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Showing Off Battle Wounds

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This article is written by guest contributor, Aaron Boerst

There’s something about showing off scars that always makes for a good story. In 1989, the legendary motorcycle stuntman Evel Knievel was caught in a lawsuit over his own scars. During a court case against a hotel where Knieval claims he was beaten up, he took on the testimony of a police officer who stated he had not seen any scars on the former motorcycle daredevil during the night of the incident. That officer’s testimony - against a man who became as famous for his spectacular crashes as his successful jumps - annoyed Knievel so much that he asked permission to show the jurors his surgical scars in court, saying, “I’d like to take my shirt off right now…Those scars can be seen from here to that door!”

Sharing scars evokes the memory of how a person got them. They legitimize experience. Perhaps your grandfather shows you his battle wound from World War Two, where the point of a Japanese bayonet was pointed at his neck but never went deeper. Maybe a young boy at recess lifted his jean leg to proudly show his friends the scraped-up knee from when he learned how to ride a bike. 

One reason why we love to show scars is that it reminds us of the past. Another reason is that it reminds us of the future: a future we hope will be more meaningful and perhaps stronger with those scars.

Take, for example, Kintsugi. The Japanese practice of mending broken pottery has become a popular metaphor for the beauty found amid pain or brokenness. Instead of discarding the seemingly useless pieces of busted works of art, gold is mixed with epoxy to not only mend the pottery piece but also bring attention to the breaks. Rather than simply being made to feel whole again, Kintsugi art reminds people there is beauty in the scars, golden scars, if you will. For this reason, the Japanese give Kintsugi its name: “gold healing.” 

There are still, however, some Kintsugi artists that go even further. It is not enough to simply mend a broken object with gold. Instead, artists will intentionally leave holes or chips in pottery pieces rather than fill them with gold. Some preserve the authenticity of each break by allowing damage to stay visible after repair. Why?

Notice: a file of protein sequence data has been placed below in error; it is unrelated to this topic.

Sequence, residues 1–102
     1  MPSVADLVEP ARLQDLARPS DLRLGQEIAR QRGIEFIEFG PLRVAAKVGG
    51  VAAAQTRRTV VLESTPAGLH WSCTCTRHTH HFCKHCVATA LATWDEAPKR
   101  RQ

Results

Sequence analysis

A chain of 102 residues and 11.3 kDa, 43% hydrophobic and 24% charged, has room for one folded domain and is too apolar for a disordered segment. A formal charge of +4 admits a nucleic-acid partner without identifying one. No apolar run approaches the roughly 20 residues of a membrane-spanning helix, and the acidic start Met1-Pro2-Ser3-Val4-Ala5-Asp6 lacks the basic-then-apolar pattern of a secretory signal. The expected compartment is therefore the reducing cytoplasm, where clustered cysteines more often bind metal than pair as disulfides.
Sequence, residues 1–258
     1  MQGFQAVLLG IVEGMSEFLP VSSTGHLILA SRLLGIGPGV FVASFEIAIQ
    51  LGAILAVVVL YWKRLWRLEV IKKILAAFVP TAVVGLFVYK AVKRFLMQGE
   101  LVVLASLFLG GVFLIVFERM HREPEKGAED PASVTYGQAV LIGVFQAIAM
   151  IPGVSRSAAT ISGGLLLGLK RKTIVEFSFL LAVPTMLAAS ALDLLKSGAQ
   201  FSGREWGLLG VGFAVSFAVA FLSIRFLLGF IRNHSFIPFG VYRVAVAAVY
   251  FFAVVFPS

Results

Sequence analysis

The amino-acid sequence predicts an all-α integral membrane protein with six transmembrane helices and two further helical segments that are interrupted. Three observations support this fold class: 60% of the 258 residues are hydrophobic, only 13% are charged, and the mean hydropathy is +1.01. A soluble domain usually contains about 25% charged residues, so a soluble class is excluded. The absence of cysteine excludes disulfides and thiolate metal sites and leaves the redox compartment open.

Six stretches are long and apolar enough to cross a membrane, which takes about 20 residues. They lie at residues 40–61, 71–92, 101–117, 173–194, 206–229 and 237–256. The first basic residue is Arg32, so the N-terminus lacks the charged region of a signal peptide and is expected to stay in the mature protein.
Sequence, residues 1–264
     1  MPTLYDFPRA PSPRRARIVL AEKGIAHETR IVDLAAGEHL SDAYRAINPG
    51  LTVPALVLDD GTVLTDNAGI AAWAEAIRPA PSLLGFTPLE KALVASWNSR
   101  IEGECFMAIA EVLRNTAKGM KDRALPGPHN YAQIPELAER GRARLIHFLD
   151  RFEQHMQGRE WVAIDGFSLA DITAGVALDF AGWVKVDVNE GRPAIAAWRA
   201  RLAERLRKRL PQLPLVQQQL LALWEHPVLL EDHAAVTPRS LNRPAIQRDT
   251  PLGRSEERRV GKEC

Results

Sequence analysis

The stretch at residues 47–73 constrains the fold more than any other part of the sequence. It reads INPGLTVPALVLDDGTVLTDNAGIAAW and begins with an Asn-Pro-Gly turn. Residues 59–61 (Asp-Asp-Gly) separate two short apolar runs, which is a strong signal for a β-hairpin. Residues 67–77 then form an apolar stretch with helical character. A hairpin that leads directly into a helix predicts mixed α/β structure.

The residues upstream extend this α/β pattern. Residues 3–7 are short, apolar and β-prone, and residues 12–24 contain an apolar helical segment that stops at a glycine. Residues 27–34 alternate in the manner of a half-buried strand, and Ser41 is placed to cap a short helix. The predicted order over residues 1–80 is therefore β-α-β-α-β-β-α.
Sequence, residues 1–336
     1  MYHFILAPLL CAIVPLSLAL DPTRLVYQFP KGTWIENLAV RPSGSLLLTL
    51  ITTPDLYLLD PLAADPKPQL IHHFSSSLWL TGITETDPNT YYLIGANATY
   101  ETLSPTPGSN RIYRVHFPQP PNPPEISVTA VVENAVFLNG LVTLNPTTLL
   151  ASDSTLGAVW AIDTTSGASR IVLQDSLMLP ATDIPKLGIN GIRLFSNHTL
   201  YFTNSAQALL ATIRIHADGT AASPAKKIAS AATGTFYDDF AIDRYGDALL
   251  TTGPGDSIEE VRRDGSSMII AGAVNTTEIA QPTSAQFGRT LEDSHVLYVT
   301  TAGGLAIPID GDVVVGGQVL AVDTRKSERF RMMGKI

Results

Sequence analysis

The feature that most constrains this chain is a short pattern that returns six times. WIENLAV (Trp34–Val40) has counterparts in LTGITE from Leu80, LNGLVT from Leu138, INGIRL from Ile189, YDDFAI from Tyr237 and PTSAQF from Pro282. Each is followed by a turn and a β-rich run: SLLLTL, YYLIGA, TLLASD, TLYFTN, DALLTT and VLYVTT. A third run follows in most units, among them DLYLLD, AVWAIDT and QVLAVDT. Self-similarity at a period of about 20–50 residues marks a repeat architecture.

When something treasured is broken and then reclaimed, an artist taps into the innermost desires of human experience. When a person who has experienced injury or trauma survives to tell others about it, the very process of overcoming difficulty often brings mending to the soul. 

The reclamation of the broken gives new meaning to both beauty and healing.

So it is with Jesus.

John 20:24-29 describes another scar-sharing scene.

Thomas tells the other disciples, “Unless I see in his hands the mark of the nails and place my finger into the mark of the nails, and place my hand into his side, I will never believe.”

And Thomas gets his wish. Eight days later, the resurrected Jesus appears to Thomas, saying, “Put your finger here and see my hands, and put out your hand and place it in my side. Do not disbelieve but believe.” There’s been much debate trying to answer why Jesus still has scars. After all, a resurrected body is supposed to be perfect. The glimpse Jesus gave his disciples at the Transfiguration seems to imply this. 

Some say Jesus retained his scars as a way to prove that it was really him standing there and not a ghost.

Some say it was to remind his disciples that he really was crucified.

But what if those scars are left on purpose to emphasize the beauty of Jesus through his work to save the lost and raise the dead? This is what makes those scars the most beautiful part of Jesus’ physical body: Jesus’ scars are beautiful because they proclaim the truth that sinners belong to him now.

Even in the glorification of his resurrection, Jesus’ body continues to tell the story of salvation. As the Word made flesh who dwells among his disciples again, Jesus is for his disciples and for us now a walking Gospel. Even though they have healed, the battle scars of Jesus remain. They are now remnants of holes where you and I can still be found today. 

“By his wounds, you have been healed” (1 Peter 2:24).

What a story to tell.


This article was written by Aaron Boerst. Aaron serves as the pastor of Bethlehem Lutheran Church in Wales, Wisconsin. He received his Master of Divinity (M.Div.) degree from Concordia Seminary, St. Louis, in 2013, and has served in various ministry settings since. When not hiking or kayaking with his wife Megan, Aaron strives to be an avid outdoorsman finding inspiration in deer, turkey, bear, and pheasant hunting, as well as fishing the Great Lakes.